If someone wanted to experiment with German Volume Training, a more sensible approach would be to start by doing 2–3 sets per exercise and gradually working their way up week by week. Most people cap out at around 6 sets per exercise (which is why German Volume Training is usually a bad idea), but some people are outliers that can benefit from higher training volumes. Those outliers could continue adding sets all the way up to 10 sets per exercise. I still don’t think that’s ideal, but it would be a more reasonable way to progress into classic German Volume Training.

As we progress through the Max Size workout routine, the rep ranges and exercise order are shuffled from workout to workout, and the training methods are changed from phase to phase. Some people find that way of training more interesting, but it also makes it harder to measure our progress to see if we need to adjust our training. Mind you, it’s not that varying our workouts like this impairs muscle growth. In fact, there’s research showing that varied workouts stimulate muscle growth equally well as if we kept the variables more consistent (study). But there’s no advantage to it. It just makes our progress harder to gauge.

There are also some peculiar methods being used here, such as doing concentric-only training one day and then doing eccentric-only training the next day. That seems like a very inefficient way to stimulate muscle growth, and I’m not sure there’s any research to support it. I suspect it would be more effective to keep the phases more similar to one another but to put more emphasis on progressive overload.

There’s no emphasis on progression or progressive overload in this program. It starts off way too intense right out of the gate and then variables are shuffled around from week to week to keep things interesting. That’s not the best way to stimulate muscle growth, but it can work in a pinch.

The Max Size Diet

Some of Athlean-X’s advice about how to eat a bulking diet is great. The meal plan includes some perfectly good recipes and he recommends swapping out the things we don’t like for things that we do like. When we’re struggling to gain weight, that’s crucial. Better to eat a diet that we enjoy, can afford, that fits our schedule, and that we can digest well. He also stresses that we don’t need to swap out all of our meals for the ones he provides and that the best we can do is good enough—that getting things 90% right is fine. I love that.

Illustration of a man eating a big bulking meal.

Some of the diet advice is more questionable. He subscribes to the old bodybuilder method of eating every 2.5–3 hours to “keep your muscle-building factory in full operation” and to “keep your blood sugar stable.” Eating at least three meals per day can improve our ability to build muscle, and there’s nothing wrong with eating more often than that, but we don’t need to eat every 2.5–3 hours, and our blood sugar won’t be an issue regardless of our meal schedule. So there’s a bit of fearmongering there, perhaps. But with that said, some hardgainers find it helpful to eat lots of meals and snacks. We often have smaller stomachs than the average guy, and so eating smaller meals more frequently makes it easier to eat enough calories to gain weight. So this is by no means a bad way to bulk, it’s just not the only way to bulk.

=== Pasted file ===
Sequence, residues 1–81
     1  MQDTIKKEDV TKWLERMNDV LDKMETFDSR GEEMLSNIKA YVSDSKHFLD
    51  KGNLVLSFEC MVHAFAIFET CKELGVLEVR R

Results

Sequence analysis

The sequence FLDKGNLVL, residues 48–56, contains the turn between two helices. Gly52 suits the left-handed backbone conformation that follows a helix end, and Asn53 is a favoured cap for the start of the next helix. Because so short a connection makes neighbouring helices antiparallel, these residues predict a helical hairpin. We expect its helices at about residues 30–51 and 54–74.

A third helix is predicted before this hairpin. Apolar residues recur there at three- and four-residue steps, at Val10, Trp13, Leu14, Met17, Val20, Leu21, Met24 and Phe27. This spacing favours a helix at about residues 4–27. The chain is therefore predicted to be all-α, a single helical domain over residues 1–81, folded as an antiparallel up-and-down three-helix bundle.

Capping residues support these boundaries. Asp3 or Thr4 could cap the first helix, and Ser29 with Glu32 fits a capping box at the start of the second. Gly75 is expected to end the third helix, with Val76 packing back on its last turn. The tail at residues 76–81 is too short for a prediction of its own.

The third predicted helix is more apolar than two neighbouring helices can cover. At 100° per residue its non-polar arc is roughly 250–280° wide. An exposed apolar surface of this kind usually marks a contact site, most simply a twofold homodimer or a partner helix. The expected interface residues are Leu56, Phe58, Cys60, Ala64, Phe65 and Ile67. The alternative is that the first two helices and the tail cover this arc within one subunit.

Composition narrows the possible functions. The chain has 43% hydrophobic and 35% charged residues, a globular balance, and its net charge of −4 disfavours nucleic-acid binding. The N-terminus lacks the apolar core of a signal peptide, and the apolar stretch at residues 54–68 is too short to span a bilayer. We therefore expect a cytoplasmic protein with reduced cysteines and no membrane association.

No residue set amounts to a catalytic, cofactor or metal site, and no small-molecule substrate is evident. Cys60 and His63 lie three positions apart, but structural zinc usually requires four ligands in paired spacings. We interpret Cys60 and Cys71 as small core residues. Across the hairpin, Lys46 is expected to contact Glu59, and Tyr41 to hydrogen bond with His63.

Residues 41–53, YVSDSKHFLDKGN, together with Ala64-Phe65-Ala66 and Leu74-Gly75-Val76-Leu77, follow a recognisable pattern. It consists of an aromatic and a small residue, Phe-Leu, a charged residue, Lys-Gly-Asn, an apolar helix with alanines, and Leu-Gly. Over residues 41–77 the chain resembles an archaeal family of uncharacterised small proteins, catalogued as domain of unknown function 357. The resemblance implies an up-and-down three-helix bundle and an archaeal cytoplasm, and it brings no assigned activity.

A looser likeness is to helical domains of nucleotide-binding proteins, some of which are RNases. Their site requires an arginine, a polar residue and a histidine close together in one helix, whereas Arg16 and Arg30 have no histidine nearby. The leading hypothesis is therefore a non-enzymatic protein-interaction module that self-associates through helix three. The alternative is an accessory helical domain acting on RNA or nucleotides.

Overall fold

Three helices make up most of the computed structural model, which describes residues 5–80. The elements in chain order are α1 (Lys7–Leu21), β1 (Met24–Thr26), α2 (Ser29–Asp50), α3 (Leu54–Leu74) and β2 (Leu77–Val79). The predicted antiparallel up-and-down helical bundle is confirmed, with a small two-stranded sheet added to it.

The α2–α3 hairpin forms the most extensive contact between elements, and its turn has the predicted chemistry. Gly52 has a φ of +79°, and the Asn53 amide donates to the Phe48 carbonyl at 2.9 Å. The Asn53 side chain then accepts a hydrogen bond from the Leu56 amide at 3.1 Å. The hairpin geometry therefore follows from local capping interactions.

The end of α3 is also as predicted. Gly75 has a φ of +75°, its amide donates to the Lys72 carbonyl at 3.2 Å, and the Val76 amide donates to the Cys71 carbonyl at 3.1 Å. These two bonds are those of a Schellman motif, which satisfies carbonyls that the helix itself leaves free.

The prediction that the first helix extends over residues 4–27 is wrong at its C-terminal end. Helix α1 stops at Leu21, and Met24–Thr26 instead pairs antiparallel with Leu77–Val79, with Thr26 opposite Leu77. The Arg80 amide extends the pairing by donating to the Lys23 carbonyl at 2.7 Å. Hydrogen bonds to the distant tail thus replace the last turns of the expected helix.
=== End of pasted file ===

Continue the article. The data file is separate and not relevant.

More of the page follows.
There’s some nonsense in here, too. Jeff Cavaliere says that sweets “do nothing for helping your muscles repair themselves and grow larger.” He also says that they don’t give us useable energy. That’s just flat wrong. Simple carbs are easily converted into energy, and so most athletes eat quite a bit of sugar or starch. We don’t need to eat any processed sugar, but it’s unlikely to harm our ability to build muscle quickly and leanly, and sugar absolutely contains energy that our bodies can use. Our muscles are literally full of sugar. Muscle glycogen is sugar. Our muscles are powered by sugar.

Some advice is missing, too. He recommends taking protein supplements, but he doesn’t give a daily protein target. Most research shows that we can maximize muscle growth with 0.8–1 gram of protein per pound bodyweight we day. That’s useful information to know. Most people don’t eat that much protein, and so when we first start bulking, it can really help to track protein intake for a few days to make sure that we’re eating enough of it.

The main problem, though, is that he makes no mention of adjusting calorie intake based on whether we’re gaining weight or not. That’s a recipe for disaster when working with hardgainers who are struggling to build muscle. To build an appreciable amount of muscle as a skinny guy, we need to eat in a calorie surplus. That’s easier said than done, and so to make sure that we’re succeeding at that goal, we need to weigh ourselves every week and adjust our calorie intake accordingly. If we aren’t steadily gaining weight, we need to increase our calorie intake.

This diet contains some bro-science and incorrect information, and it might make people a bit fearful about eating sugar or sweets, but I think it’s a reasonable muscle-building diet if people already know how to eat enough protein, eat enough calories, and gain weight steadily on the scale each week.

Sleep Recommendations